Washington and Oregon are not the only states in which bridges are a topic of conversation. Nor is the Interstate 5 Bridge the only span needing attention in this region.
According to a new report from the American Road and Transportation Builders Association, more than 47,000 bridges in the United States are “structurally deficient,” including 382 in Washington. In Clark County, the most heavily traveled deficient span is on I-5 over the East Fork of the Lewis River at the northern edge of the county.
“Structurally deficient” is not as ominous as it sounds. It does not mean that a bridge is likely to collapse, but that one of four key elements of the structure is rated poor or worse. And Washington’s 382 bridges in need of attention is no cause for panic. That represents 4.6 percent of the state’s spans, and most other states have a higher percentage of deficient bridges — including 23 percent in Rhode Island.
But the report points out the crumbling state of the nation’s infrastructure. At the current rate of repair, it will take more than 80 years to conduct necessary fixes on the country’s deficient bridges. Even if that is a bit of hyperbole, the situation is dire; it is no less disconcerting to think that repairs would take 40 years — or 20 years. Meanwhile, the American Society of Civil Engineers estimates that some $4.5 trillion needs to be spent by 2025 to shore up the nation’s roads, bridges, dams and other infrastructure.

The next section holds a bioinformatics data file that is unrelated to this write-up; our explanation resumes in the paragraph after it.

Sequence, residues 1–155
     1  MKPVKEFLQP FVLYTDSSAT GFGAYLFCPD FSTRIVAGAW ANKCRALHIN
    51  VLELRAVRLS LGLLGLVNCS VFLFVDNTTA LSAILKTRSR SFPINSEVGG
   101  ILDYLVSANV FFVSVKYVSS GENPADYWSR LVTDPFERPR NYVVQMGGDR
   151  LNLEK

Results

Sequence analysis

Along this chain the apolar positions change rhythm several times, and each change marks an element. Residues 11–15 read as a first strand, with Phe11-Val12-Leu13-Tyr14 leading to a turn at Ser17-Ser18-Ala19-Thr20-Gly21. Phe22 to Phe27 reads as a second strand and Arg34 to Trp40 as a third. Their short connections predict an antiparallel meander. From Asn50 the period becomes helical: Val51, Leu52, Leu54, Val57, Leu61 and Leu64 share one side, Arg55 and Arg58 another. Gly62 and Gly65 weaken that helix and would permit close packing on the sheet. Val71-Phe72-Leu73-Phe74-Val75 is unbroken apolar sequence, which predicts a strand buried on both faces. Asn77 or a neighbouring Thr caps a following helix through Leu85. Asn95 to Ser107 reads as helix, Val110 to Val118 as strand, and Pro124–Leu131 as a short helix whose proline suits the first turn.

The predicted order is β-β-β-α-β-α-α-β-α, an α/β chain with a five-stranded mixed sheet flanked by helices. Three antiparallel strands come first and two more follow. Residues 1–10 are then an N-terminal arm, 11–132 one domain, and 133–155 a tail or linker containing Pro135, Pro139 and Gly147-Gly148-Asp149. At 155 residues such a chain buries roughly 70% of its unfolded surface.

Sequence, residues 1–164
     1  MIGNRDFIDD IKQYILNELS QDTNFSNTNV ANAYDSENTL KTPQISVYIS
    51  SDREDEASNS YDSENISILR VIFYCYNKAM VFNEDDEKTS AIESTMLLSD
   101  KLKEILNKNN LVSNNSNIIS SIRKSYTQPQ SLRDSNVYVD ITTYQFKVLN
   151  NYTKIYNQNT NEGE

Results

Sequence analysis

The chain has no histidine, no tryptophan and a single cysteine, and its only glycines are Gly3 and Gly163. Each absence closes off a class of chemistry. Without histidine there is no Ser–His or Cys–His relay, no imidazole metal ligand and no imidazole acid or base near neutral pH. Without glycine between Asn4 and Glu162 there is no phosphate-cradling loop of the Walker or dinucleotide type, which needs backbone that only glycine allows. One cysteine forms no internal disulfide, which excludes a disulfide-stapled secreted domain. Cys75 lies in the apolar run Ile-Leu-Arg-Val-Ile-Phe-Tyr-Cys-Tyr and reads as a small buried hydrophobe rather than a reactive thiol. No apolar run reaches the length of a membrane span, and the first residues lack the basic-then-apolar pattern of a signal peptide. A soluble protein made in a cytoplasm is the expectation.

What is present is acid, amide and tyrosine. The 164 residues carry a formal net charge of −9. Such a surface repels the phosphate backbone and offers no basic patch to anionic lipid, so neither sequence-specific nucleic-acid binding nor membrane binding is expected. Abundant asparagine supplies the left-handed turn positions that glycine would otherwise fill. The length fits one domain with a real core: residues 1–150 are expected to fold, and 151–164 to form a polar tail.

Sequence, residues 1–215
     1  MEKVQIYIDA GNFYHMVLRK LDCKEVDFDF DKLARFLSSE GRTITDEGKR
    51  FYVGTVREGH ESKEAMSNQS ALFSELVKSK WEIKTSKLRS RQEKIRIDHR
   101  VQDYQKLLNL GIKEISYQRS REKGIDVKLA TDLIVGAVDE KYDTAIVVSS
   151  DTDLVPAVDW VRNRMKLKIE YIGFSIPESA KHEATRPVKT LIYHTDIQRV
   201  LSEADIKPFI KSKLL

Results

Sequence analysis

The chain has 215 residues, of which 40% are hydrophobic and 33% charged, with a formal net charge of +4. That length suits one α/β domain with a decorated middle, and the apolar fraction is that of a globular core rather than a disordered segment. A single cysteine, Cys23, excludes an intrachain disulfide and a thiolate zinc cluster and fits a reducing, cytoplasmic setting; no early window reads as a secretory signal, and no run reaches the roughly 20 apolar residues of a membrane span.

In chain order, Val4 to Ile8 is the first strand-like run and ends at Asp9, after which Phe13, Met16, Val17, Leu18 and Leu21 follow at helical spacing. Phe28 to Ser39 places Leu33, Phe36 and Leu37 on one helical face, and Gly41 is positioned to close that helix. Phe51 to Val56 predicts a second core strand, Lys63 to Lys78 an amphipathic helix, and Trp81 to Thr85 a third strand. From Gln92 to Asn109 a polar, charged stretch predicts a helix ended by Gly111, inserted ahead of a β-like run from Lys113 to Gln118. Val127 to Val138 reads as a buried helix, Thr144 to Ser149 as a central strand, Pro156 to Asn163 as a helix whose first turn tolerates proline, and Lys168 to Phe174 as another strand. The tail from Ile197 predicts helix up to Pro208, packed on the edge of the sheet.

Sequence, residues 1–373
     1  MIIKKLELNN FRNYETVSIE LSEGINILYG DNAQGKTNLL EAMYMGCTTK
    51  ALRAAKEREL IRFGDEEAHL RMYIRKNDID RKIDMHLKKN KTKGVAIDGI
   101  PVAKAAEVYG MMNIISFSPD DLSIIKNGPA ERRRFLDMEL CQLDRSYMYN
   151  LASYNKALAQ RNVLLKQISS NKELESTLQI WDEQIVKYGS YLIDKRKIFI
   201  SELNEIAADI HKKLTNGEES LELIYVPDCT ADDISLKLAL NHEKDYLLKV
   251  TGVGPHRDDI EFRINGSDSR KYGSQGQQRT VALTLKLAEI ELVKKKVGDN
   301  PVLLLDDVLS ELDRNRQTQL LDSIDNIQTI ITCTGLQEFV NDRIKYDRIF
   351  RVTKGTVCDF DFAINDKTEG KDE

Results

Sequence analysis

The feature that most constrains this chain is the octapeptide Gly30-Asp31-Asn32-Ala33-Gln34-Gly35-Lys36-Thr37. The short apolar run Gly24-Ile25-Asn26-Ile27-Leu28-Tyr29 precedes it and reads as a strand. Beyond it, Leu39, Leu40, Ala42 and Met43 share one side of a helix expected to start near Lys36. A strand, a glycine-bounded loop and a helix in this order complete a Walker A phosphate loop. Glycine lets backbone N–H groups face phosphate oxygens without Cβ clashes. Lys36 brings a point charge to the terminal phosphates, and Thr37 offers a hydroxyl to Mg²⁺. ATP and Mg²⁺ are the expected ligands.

President Donald Trump has declared “infrastructure week” several times during his presidency and congressional leaders have indicated a willingness to work with Trump on rebuilding the country, but little progress has been made. Among the roadblocks is the fact that Congress has not increased the federal gas tax since 1993; since then, inflation has diminished the purchasing power of the tax, which is used to build and maintain roads.
Clark County residents are familiar with the needs of the nation’s infrastructure. The I-5 Bridge, while not listed as “structurally deficient,” has been deemed functionally obsolete, distressed and seismically inadequate. The state Legislature is considering funding to open an office dedicated to replacing the bridge, and Oregon Gov. Kate Brown recently wrote to officials in her state regarding a potential project. “Its current condition poses a threat to Oregon’s economic vitality and is negatively impacting the livability of our state,” Brown wrote.
There is nothing revelatory about that, but it is a sign that momentum is building for replacement of the century-old span.
In the case of I-5, concerns are more economic than structural. In the case of many other spans in Clark County, the issues are safety and reliability. But the biggest worry is that you can point in any direction and find an infrastructure project that requires attention, commitment and, yes, funding.
Infrastructure is one area in which President Trump can bring Republicans and Democrats together, identifying a common purpose and avoiding the rancor that paralyzes the nation’s capital. As Nancy Pelosi, the Democratic Speaker of the House, said last week: “This issue has never been a partisan issue. Over time, we’ve always been able to work together in a bipartisan” way.
Be it roads, dams, airports or bridges big and small, the United States must start repairing its infrastructure. Failing to do so hampers the economy and quality of life while exponentially increasing costs down the road. And that is something both parties should be able to agree on.